… are evil! Are carousels evil?
According to Jared Smith carousels sliders are straight from hell and should not be used and any circumstances. Never ever. Ever!
According to Jared Smith, Adam Fellowes found that users do not interact with carousels correctly and miss the information they are supposed to provide.
Almost all of the testing I’ve managed has proven content delivered via carousels to be missed by users. Few interact with them.
In recent times full screen carousels have become more common and are used by many companies like squarespace, so it might be a valid idea to question the truth of Jareds statement.
To do so we need to define what a carousel is and which types of carousels exist.
A carousels can be defined as a collection of pieces of information (like images or teasers) which are presented on a one by one bases so that only one element can be seen at a time.
A carousel may be navigated by means of arrows, keyboard shortcuts, a pager navigation or might have an automatic rotation.
There are different types of carousels though. You have the normal carousel everyone grew to dread, which is basically a rotating banner. This is mostly used because the marketing department wants to engage the user by showing the “10 things that make us great” or something like that.
Another type of carousel is the product or portfolio carousel. This is a reaction to space limitation (for products) or laziness (for portfolios). Instead of showing a range of pictures of the item in question, only one picture is shown at a time, with a navigation to go to the next / previous slide.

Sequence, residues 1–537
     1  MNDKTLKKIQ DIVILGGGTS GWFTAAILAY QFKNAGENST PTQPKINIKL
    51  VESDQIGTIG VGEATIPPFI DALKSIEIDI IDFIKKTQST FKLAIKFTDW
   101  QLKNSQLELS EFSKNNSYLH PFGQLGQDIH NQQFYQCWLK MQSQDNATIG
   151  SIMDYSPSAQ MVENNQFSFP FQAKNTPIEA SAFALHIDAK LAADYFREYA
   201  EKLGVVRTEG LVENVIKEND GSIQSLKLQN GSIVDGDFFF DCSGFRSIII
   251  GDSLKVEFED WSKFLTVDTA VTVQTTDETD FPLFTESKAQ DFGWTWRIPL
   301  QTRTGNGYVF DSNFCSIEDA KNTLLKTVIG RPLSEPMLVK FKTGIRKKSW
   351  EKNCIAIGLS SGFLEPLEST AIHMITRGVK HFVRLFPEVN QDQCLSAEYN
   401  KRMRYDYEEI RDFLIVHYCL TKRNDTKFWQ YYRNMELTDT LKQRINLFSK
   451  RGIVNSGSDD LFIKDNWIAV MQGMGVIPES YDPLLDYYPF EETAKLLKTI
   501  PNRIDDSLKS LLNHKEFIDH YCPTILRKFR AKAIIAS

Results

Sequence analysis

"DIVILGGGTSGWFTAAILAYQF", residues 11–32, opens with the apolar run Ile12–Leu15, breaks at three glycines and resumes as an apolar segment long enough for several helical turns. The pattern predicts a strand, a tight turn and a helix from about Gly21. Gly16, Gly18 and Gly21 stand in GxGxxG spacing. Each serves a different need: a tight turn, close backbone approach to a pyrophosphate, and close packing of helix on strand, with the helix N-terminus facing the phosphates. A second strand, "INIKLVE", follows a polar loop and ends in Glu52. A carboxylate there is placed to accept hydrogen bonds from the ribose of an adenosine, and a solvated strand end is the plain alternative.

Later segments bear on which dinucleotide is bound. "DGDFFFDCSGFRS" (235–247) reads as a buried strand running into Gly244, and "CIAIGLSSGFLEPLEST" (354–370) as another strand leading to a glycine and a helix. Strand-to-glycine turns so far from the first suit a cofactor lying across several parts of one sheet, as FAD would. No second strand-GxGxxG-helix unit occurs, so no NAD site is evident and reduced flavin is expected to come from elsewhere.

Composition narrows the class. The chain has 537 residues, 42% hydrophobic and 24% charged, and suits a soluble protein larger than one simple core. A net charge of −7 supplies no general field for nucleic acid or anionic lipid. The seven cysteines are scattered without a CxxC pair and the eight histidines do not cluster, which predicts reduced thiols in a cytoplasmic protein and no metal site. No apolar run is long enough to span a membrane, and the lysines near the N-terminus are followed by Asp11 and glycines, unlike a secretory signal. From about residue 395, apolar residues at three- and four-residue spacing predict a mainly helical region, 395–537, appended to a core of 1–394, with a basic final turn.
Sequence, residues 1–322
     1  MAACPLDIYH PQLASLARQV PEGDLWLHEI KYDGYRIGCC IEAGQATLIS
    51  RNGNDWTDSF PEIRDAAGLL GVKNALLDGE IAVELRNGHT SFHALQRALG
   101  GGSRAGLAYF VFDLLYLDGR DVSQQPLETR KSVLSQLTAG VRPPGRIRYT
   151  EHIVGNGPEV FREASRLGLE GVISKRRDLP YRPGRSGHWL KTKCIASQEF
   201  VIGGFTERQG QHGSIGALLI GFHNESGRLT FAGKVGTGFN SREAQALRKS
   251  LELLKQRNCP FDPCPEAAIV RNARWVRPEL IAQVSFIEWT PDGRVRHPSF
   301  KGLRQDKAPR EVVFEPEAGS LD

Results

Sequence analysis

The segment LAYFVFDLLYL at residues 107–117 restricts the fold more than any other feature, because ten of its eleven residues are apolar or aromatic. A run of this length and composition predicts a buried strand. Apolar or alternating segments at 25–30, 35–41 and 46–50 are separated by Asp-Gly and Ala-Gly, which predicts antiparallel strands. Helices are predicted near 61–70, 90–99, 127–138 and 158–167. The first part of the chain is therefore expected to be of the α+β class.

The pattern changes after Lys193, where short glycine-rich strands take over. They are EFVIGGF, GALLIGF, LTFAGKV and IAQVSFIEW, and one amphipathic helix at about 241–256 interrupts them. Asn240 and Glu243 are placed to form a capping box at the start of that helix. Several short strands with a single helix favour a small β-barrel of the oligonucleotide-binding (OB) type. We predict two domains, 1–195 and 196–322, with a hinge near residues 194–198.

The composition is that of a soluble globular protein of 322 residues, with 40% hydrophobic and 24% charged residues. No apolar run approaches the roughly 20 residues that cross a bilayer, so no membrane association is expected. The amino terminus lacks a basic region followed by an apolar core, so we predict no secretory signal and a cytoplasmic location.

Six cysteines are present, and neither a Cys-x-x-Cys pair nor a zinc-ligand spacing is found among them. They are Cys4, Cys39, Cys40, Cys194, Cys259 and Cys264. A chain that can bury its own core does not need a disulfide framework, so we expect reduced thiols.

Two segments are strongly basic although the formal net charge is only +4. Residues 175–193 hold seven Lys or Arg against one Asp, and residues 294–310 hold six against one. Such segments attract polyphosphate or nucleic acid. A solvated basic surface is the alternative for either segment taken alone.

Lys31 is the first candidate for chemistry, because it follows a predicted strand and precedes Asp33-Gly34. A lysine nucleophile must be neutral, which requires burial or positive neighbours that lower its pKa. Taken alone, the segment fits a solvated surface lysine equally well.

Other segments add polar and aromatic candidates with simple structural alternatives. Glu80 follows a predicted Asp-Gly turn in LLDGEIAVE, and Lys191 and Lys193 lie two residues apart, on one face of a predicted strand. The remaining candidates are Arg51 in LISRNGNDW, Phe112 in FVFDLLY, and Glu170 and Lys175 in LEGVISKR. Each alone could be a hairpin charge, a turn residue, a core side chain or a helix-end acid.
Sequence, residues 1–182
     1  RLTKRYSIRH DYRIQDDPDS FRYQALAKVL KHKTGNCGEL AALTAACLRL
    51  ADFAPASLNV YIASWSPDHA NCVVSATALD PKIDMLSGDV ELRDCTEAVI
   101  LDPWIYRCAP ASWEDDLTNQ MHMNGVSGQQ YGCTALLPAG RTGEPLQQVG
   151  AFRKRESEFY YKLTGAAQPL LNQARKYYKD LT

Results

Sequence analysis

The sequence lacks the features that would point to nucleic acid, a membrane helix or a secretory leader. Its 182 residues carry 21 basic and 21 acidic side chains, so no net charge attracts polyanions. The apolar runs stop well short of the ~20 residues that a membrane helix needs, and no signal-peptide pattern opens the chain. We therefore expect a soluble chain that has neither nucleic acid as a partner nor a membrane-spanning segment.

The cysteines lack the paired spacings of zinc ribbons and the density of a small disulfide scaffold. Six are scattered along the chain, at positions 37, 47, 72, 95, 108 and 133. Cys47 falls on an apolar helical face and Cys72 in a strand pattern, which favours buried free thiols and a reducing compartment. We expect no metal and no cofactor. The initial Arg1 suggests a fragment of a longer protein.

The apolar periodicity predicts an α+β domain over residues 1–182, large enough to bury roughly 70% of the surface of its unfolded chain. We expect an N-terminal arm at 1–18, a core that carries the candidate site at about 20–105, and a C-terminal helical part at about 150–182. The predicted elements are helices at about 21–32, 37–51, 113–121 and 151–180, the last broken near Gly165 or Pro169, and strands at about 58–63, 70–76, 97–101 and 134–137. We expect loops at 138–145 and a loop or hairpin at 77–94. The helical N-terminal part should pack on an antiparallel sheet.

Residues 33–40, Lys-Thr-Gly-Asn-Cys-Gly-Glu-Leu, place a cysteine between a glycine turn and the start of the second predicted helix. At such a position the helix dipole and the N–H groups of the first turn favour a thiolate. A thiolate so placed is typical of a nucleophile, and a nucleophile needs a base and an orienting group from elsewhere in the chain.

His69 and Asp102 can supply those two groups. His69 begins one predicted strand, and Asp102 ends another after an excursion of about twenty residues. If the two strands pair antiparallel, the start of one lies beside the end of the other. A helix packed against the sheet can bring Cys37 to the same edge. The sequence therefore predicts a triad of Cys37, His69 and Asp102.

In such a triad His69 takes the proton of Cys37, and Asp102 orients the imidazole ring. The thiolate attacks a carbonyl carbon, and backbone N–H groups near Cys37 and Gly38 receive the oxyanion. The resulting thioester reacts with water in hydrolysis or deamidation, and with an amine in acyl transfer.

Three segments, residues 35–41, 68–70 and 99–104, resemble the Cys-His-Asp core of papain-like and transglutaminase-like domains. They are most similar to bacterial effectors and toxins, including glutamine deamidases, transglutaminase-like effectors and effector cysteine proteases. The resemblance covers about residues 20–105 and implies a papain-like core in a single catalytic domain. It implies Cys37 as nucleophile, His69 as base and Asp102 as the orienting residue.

The third important type of carousel is the full screen carousel. This is mostly a marketing tool. Instead of having a long landing page the user is presented with one “ad like” screen, with a new screen sliding in after a couple seconds. This is mostly used to show different use cases or features of a product.
I am sure, the normal carousel is exactly as evil as portrait by many people like Brad Frost. If you want to show different things on your homepage, maybe you should have the banner load a different slide every time a user comes to your page. Maybe if you use a carousel to show off different slides on a page, the individual slides aren’t even that important and you can redesign your content and remove the carousel.
Product carousels are less evil because the user focuses on this area of your website anyway and hopefully the product page is fairly reduced. For portfolio pages I would recommend redesigning the page. You are not restricted by space and if your design restricts you to using a carousel you should think about tweaking it. Portfolio items are like magazine pages and should have a nice layout and show off many pictures to give people who just scroll through the page an idea of what you did. So this one is not a “no go” and should definitely be avoided if possible.
Full screen carousel are a conscious design decision, they are the horizontal equivalent of a vertically scrolling landing page. Each slide shows of a use case or feature, making the individual slides fairly reduced and simple while still showing all important information. I think this is the only case in which using a carousel makes sense and is good practise, be careful though, this is a mere opinion and not based on any research. I would be very happy if somebody can provide me with data to disprove or support my hypothesis though.